The other thing to try is to see if your university has a student’s employment agency. Some really good, interesting jobs can be available through them, although, often, non students are right in there and competing with students as well (which I feel is a little unfair). The work I did, transporting ballot boxes on the night of the 2015 General Election, which turned out to be one of the more interesting nights I’d spent in a while, was found through an agency like that. I only got paid around £25 for the night, but it was the experience, rather than the money, in that case – and that’s another thing to remember – that sometimes, you get paid in experience, rather than cold hard cash. Don’t carry that too far though!

You may also need to think in terms of multiple roles. A (hearing) friend of mine actually held down 3 jobs, all at the same time – working in a bar at weekends, in the student union shop during the week, and as a paid student blogger, which gained her credits for the career that she wanted to go into (journalism), as well as voluntarily working on the student rag. The last two were around 5-10 hours a month between them, but they made a big difference to her CV – the soft skills side of things – while the first two helped pay her rent.

Finally, whatever you do, do not allow the finances to interfere with your studies. That is far easier said than done, I do know. But if you find that working is taking so much out of you that you’re not able to give as much to your studies as you would like, if your marks are going down as a result, then find help. Your student’s union may have some kind of finances adviser who may be able to suggest sources of additional finance (many universities have hardship funds, for example) and may also be able to look at your current financial situation, see if they can make your pennies stretch further. You can play a big role in that, in learning to shop, cook and eat cheaply, for example.


Are you a deaf student? What have you found that works for you? How do you balance the demands of work and study? If you feel like writing for the DeafStudentUK blog, please, do get in touch – deafstudentuk at gmail dot com is the address. I look forward to hearing from you!!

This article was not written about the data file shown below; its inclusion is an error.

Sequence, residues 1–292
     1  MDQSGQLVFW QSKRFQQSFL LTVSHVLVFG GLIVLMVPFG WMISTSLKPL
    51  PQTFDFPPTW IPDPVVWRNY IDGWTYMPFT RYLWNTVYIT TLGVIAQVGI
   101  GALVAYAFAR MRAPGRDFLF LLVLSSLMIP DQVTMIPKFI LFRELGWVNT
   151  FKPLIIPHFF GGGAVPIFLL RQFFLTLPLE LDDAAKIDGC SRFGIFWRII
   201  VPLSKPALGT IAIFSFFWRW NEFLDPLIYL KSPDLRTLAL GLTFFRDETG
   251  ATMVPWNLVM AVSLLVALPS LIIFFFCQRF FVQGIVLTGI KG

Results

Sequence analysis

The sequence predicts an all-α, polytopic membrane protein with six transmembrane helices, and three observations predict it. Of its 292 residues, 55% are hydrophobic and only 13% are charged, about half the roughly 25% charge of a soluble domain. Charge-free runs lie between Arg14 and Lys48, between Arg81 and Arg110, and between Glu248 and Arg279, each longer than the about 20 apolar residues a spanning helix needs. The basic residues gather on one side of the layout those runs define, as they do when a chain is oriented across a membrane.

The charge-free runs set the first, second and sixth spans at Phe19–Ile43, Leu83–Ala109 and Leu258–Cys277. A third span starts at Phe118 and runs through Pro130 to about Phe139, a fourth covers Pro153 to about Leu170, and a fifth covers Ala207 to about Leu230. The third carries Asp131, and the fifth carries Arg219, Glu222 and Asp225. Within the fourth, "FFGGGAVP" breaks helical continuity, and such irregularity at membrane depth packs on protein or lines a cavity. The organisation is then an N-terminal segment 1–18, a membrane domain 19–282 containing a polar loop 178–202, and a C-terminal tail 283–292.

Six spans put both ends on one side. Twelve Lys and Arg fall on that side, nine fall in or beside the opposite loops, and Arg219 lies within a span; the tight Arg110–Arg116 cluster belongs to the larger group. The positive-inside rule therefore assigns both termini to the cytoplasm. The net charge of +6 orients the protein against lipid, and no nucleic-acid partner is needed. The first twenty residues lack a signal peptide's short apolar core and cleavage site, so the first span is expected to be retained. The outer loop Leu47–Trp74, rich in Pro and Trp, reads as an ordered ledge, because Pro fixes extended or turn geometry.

Organisation as a postgrad student

OrganisationIt is traditionally said that the step from year 1 to year 2, as an undergraduate, is more difficult than the step from 2 to 3. Likewise, the step from undergrad to postgrad level of studying. This can be for various reasons. Some find the increased intellectual demands difficult; or that it requires a way of thinking that they didn’t really grasp at undergrad level (e.g. critical thinking). Sometime, however, it can be to do with organisation and management.

In many ways, life as an undergrad is prescriptive. Assignments are laid out for you, periodically, You are told, more or less, perhaps a bit less than you were at school, what is required from you, and varying levels of assistance provided. As you progress through university, this clear guidance of what is required, and assistance, is slowly withdrawn. In your first year, an assigment might come with a title, a work sheet dictating what needs to be done, what your aims are, and what you need to do to achieve specific grades (for those who’ve not studied at this level, this doesn’t mean that they’re given the answer, more that they are told generically what is expected for a first class answer. For example, it might include critical questioning, clearly formulated, understandable English with good grammar, good referencing in the corerct style, etc.). By your third year, you may only be given an essay title and perhaps a few comments about it.